Differences between Peninsular and Latin American Spanish
Argentine Spanish versus Spanish from Spain: Do They Even Speak The Same Language?
One of the most baffling things about learning Spanish is that, somewhere along the line, students realize that the Spanish they hear spoken by native speakers may or may not be the same Spanish that they had been taught at their university or high school.
Say, for example, it's your first time traveling in Latin America and you go into a green grocer's in Buenos Aires to ask the price of a box of strawberries that you saw in the display stand.
"¿Cuánto cuestan las fresas?" you ask, proud of your linguistic skills - the complete sentence, the verb that is properly conjugated, the Spanish 101 vocabulary that you remembered at just the right moment.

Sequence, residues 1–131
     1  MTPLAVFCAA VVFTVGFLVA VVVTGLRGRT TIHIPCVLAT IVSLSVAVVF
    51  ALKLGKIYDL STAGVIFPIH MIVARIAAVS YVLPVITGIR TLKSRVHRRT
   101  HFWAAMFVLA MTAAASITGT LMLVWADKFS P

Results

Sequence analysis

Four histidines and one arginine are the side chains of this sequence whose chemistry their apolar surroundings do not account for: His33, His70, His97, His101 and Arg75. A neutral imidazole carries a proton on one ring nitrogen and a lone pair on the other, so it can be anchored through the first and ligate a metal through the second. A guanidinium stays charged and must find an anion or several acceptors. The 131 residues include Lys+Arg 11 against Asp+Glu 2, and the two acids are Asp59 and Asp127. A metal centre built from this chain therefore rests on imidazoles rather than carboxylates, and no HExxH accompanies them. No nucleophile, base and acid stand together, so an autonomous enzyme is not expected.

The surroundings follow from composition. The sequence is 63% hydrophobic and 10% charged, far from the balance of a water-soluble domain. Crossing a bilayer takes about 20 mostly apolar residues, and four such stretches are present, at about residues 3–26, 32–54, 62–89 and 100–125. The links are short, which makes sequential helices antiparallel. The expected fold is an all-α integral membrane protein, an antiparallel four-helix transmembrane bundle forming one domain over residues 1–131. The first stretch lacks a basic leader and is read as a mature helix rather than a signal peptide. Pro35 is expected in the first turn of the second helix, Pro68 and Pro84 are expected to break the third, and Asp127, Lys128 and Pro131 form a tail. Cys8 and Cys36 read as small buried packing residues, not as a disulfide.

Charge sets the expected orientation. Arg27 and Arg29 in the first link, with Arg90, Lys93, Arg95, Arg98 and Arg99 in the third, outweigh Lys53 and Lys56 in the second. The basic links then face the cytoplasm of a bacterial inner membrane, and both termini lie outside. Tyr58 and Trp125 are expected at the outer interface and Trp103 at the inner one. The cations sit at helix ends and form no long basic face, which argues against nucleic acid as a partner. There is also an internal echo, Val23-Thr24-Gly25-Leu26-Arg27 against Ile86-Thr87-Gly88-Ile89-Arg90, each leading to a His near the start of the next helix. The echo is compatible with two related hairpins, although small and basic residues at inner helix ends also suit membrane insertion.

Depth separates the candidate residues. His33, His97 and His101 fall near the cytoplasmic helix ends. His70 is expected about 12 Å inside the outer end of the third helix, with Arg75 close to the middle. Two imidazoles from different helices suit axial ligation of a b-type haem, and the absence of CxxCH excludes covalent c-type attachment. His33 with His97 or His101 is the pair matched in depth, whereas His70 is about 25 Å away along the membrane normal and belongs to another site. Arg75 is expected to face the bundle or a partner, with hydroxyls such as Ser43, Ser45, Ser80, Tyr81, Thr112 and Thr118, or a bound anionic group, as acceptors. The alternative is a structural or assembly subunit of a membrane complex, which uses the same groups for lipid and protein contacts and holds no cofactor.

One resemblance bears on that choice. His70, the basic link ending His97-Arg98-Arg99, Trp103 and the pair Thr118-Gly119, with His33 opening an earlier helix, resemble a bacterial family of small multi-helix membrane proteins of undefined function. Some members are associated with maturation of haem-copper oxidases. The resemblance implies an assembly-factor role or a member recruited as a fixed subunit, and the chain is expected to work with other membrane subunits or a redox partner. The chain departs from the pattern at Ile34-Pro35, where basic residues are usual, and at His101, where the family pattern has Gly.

But instead of smiling and answering your question, the green grocer stares at you blankly, as if you have two horns growing out of the top of your head: "¿Eh?" It's the reaction that every foreigner learns to know and to dread.
Your problem isn't that you have a faulty memory - in Spain they would have understood you perfectly - it's just that you've stumbled across one of the many linguistic variations in Spanish. Whereas in many parts of the Spanish-speaking world "fresas" is indeed the correct word for strawberries, in Argentina they are more commonly known as "frutillas."